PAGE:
Here’s a question. Who has just produced a single CD with no fewer than thirteen pianists on it: Hank Jones, Cedar Walton. Freddy Cole, Kenny Barron, Dave Brubeck, Mike Renzi, Michel Legrand, Hank Jones, Benny Green (no, not that Benny Green, stop it!) , Dave Brubeck, Alan Broadbent, Steve Kuhn, Monty Alexander?
Thank you at the back. That’s right. It’s singer Hilary Kole, and the record, the result of four years of as-live duo sessions, is “There You Are” (Justin Time.)
Perhaps, if there hadn’t been quite so many top singers passing through the Pizza Express in Dean Street in the past month, Kole’s first performances in London, over two nights on Saturday and last night, might have got more attention. She has a very fine voice with power and character through a wide compass, and astonishing line and breath control in the slower numbers. She picks good songs. And there is pride, real craft in her delivery. She owns these songs, and delivers them with huge musicality.
She declared a fascination for the songs of the period from 1917 to the 1960’s and 60’s were much in evidence. Kole does a slow-torch gender-switched version of the Beatles’ “And I Love her, “ in the line of Shirley Horn’s recording on Travellin’ Light, and more recently of Diana Krall. There were three Michel Legrand numbers, notably a very fine, extended You Must Believe in Spring, as a duo with pianist Garry Dial.
Kole has also completely absorbed the Ella vocabulary. Love You Madly, the first half closer, complete with an Ella thigh-slap worked very well, time pulled and pushed around to great effect. A flirtatious and fast Deed I Do to end the second set was another virtuosic highlight.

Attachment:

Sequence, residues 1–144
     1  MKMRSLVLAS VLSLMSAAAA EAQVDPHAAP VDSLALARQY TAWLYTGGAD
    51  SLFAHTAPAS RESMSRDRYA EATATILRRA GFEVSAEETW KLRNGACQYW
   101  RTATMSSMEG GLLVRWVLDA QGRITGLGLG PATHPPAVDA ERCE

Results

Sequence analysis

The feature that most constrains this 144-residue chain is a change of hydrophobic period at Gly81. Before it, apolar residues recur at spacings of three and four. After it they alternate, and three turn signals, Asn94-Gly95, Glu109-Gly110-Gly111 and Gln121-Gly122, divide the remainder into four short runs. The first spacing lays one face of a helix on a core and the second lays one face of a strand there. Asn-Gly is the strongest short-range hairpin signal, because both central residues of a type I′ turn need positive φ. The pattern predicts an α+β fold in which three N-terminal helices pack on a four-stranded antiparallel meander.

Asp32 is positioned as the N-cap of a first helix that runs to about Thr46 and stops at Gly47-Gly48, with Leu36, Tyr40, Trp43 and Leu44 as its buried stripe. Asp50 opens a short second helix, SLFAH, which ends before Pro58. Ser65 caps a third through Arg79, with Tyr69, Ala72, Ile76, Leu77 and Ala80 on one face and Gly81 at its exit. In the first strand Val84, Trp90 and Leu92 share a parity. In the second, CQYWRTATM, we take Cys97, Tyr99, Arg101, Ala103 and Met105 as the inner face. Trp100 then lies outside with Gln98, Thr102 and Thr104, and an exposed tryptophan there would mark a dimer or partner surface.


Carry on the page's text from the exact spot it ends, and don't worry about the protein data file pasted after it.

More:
Kole’s trio was flawless. New York pianist Garry Dial has been Kole’s musical mentor and piano teacher, “since I was yea high,” she said, gesturing at knee level. Dial added rich harmonic colour. In the encore, Night and Day, he threw out the challenge to the band of some catch-me-if-you-can root movement (they did). I was interested that while the harmonic adventure and invention was constant, there was far less rhythmic displacement from Garry Dial than we are used to hearing from British pianists like, say, Tom Cawley or Barry Green in this context.
Pete Cater on drums and Rob Rickenberg on bass were models of discretion. Cater is used to propelling big bands, but was equally at home here, providing, at one point in “Every Time We Say Goodbye” the most delicate of right-hand shimmers with brushes. Rickenberg’s timing, his unfailing placement of the harmonic rhythm has the kind of schooled and subtle perfection which runs one danger: such artistry can go unnoticed.
Kole describes herself as having grown up as a “stage kid,” and is indeed quite a performer. She switched to piano for a couple of numbers, which produced a different, more inward-looking vibe. She holds an audience’s interest in the words well, tells a good story. Oh yes, and she looks fabulous too. Dark, slim, elegant. the Ali McGraw hair from Love Story, she toys knowingly with a crowd. Referring to that immoveable (sic?) staple of the Pizza Express menu, the American Hot, she remarked: “I recommend to you the Hot American. Because I like the name.” Indeed.
It was a very enjoyable show, craft at a very high level. I’m sure Hilary Kole will return here, and look forward to it.